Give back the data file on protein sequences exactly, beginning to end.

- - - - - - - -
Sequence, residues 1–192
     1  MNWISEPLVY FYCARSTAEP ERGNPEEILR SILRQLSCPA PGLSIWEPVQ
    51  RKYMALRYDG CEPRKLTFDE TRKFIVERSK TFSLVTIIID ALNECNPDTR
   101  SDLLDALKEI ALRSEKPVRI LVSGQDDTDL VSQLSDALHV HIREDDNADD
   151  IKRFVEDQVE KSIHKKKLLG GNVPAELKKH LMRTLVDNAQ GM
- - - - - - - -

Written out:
Sequence, residues 1–192
     1  MNWISEPLVY FYCARSTAEP ERGNPEEILR SILRQLSCPA PGLSIWEPVQ
    51  RKYMALRYDG CEPRKLTFDE TRKFIVERSK TFSLVTIIID ALNECNPDTR
   101  SDLLDALKEI ALRSEKPVRI LVSGQDDTDL VSQLSDALHV HIREDDNADD
   151  IKRFVEDQVE KSIHKKKLLG GNVPAELKKH LMRTLVDNAQ GM